Stephen Curry got back to dropping deep shots, chomping on that mouthpiece and even barking at LeBron James.
Not himself through the first three games of the NBA Finals, Curry arrived in Game 4 — just in time — and pushed the Golden State Warriors within one win of making more history in this season of seasons.
Curry found his long-range touch and scored 38 points, Klay Thompson added 25 and the Warriors beat the Cleveland Cavaliers 108-97 on Friday night.
Curry had scored just 48 total points in the first three games, but the two-time league MVP made seven 3-pointers and Thompson, his Splash Brother, drained four 3s as the Warriors took a 3-1 lead in the series.
Golden State, which made history with a 73-win regular season, can become the seventh franchise to win consecutive titles with a victory in Game 5 on Monday night at rip-roaring Oracle Arena, where they won the first two games by a combined 48 points.
"We answered the bell," said Curry, who displayed the skills that have made him one of the world's best players. "We got back to who we are as a team."
Coach Steve Kerr wasn't surprised by Curry's comeback.
"He's Stephen Curry," Kerr said. "He's the MVP for a reason."
After blowing out the Warriors by 30 in Game 3, the Cavaliers had a chance to even the series. However, LeBron James and Co. didn't enough to contain Curry, Thompson or Harrison Barnes, who made four 3s and added 14 points.
The Warriors set an NBA Finals record with 17 3-pointers.
"They got going," Kerr said. "Sooner or later it's going to happen. You can't keep guys like that down forever. The law of averages took over."
Kyrie Irving scored 34 points for the Cavs, who will need much more in Game 5 or they'll finish as runner-up to the Warriors for the second year in a row.
James added 25 points, 13 rebounds and nine assists, but the superstar also had seven turnovers and was too passive at times. Kevin Love returned to the lineup after missing Game 3 with a concussion and added 11 points off the bench.
Cleveland, which came in 8-0 at home in the playoffs, went 6:36 without a field goal in the fourth quarter, the kind of scoring drought no team can afford against the potent Warriors.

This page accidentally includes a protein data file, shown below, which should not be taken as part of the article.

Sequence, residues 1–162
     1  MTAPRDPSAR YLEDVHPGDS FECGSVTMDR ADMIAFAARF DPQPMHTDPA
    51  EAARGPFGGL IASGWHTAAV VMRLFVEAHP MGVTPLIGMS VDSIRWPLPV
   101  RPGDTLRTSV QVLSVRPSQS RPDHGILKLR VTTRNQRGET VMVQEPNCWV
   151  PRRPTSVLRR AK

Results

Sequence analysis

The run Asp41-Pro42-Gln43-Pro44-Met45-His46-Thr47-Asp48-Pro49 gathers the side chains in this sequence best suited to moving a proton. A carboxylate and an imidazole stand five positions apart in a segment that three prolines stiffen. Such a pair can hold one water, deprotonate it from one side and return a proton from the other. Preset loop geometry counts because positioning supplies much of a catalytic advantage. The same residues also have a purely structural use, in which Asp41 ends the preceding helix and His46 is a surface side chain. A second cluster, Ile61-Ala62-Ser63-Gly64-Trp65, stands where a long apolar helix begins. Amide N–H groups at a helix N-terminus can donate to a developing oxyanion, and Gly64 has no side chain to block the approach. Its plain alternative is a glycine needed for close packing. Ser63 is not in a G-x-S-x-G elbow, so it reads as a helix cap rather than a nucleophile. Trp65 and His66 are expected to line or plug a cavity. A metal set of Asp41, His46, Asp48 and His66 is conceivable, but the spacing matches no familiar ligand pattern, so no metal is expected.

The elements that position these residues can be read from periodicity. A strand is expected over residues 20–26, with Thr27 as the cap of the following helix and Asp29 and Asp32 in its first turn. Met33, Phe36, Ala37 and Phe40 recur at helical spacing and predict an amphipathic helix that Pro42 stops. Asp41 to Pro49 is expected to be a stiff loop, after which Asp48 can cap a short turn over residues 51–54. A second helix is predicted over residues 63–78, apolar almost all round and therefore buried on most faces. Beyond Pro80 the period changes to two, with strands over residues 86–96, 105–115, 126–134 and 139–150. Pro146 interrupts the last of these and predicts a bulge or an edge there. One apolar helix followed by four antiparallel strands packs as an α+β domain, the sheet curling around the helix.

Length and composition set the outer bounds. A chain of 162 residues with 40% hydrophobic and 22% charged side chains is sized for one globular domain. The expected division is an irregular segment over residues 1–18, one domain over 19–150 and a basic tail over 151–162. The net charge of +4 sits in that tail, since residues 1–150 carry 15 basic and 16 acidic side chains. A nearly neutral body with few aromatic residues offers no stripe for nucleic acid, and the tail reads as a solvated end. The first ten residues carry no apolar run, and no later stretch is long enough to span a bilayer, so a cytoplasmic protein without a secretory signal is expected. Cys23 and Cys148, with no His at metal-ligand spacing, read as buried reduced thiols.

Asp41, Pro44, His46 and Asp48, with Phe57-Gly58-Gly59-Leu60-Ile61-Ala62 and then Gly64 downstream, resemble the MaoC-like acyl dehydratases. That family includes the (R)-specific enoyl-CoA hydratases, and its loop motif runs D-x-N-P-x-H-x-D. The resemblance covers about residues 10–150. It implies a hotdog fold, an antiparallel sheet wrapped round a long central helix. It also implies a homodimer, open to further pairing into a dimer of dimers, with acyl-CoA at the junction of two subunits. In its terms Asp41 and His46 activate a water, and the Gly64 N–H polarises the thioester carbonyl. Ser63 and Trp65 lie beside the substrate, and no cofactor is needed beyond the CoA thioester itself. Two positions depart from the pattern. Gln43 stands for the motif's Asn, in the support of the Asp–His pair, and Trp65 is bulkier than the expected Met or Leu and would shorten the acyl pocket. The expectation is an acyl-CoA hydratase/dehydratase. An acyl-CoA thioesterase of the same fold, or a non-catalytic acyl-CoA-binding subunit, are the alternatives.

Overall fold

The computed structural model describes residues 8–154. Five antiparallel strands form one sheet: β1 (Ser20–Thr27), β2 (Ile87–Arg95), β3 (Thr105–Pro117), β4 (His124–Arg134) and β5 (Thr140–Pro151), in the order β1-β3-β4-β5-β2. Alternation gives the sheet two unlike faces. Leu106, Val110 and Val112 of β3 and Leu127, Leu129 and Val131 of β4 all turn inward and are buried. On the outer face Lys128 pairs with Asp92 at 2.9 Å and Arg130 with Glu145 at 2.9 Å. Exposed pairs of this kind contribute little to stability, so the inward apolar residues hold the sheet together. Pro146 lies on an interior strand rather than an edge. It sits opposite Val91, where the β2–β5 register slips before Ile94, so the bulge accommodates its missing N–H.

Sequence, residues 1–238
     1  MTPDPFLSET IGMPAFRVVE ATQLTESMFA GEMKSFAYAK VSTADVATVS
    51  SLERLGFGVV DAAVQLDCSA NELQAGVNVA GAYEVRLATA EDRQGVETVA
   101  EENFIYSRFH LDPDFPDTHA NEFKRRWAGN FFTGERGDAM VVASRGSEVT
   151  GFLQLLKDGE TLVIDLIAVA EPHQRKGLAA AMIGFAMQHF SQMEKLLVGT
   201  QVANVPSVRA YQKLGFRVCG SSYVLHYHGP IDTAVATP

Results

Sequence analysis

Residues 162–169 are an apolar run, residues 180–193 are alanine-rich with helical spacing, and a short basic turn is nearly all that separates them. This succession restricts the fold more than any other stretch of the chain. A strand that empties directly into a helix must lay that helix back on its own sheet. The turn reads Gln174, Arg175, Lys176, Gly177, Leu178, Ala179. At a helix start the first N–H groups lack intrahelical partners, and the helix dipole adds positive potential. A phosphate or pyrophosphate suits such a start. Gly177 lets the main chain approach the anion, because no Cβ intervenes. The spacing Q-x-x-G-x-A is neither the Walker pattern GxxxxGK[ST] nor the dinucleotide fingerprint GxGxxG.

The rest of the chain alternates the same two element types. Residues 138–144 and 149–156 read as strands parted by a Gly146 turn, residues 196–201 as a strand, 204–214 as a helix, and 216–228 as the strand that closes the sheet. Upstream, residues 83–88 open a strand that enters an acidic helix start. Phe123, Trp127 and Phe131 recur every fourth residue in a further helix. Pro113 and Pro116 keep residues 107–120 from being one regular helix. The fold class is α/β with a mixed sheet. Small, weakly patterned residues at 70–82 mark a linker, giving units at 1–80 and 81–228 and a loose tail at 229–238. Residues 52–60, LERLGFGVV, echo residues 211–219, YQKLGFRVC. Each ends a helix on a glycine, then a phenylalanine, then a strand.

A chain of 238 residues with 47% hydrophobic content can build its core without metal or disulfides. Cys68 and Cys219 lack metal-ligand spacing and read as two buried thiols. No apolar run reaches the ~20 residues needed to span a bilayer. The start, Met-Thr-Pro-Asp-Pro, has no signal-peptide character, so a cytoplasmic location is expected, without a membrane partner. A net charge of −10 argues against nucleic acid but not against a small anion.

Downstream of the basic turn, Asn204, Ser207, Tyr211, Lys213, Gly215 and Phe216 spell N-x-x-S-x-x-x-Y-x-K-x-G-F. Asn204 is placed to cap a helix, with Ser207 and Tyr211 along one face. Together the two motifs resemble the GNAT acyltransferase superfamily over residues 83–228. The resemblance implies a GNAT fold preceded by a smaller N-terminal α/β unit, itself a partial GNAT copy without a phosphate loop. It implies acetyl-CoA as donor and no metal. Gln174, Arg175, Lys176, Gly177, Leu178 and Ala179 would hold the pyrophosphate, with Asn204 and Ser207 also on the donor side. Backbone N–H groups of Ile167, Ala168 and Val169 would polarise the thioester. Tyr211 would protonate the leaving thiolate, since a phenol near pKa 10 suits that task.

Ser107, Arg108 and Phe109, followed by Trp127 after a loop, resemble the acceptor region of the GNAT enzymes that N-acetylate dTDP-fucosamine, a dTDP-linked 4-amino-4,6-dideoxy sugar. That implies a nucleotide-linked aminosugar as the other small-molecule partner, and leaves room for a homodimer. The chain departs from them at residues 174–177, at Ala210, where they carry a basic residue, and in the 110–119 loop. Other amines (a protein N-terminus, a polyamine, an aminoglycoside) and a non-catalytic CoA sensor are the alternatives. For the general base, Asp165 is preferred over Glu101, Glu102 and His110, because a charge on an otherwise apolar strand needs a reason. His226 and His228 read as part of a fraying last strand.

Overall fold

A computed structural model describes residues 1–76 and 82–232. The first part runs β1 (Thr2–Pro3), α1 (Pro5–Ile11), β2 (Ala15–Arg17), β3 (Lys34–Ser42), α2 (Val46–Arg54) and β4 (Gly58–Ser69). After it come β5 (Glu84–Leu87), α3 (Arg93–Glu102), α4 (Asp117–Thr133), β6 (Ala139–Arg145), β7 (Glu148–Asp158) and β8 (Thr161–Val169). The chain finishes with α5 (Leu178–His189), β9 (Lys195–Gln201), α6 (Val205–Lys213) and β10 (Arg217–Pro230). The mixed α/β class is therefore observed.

"A lot less breakdowns than what we had last game," Curry said. "We checked the 3-point line and it was just all-around communication, toughness and effort."
With Golden State leading 88-84, Curry got loose for a backdoor layup and Barnes followed with a dagger 3-pointer, deflating a crowd of 20,000-plus fans clinging to hope that this would be the year Cleveland would win its first pro sports championship since 1964.
But this seems to be the Warriors' year — from start to finish.
Off the mark in the first three games, the Splash Brothers found the pool in the third quarter.
Thompson made four 3-pointers and Curry knocked down three from behind the arc as the pair combined for 19 of Golden State's 29 points in the period. Their arrival was a welcomed relief for the Warriors, who had managed to bury the Cavs in the first two games despite minimal production from their two stars.
But with Golden State's golden season being threatened again, Curry and Thompson stepped up the way they did in the Western Conference finals.
When James was introduced before the game, he went through his usual handshake ritual with his teammates before telling Irving, "Be special."
The point guard was terrific, but Curry and Thompson were just better.
Unlike in Game 3, when they fell into an early hole and never recovered, the Warriors came out strong and stayed step for step with the Cavaliers.
Curry made three 3-pointers in the first half, with his last one giving Golden State a three-point lead. With the Warriors up 42-41, Curry drove to the basket but had his shot blocked by Irving, sending Cleveland's bench and crowd into a frenzy.
The Cavs closed the half with an 8-2 run highlighted by Tristan Thompson dribbling in circles before making a turnaround jump shot from the corner, not the shot the Cavs were looking for but were happy to accept.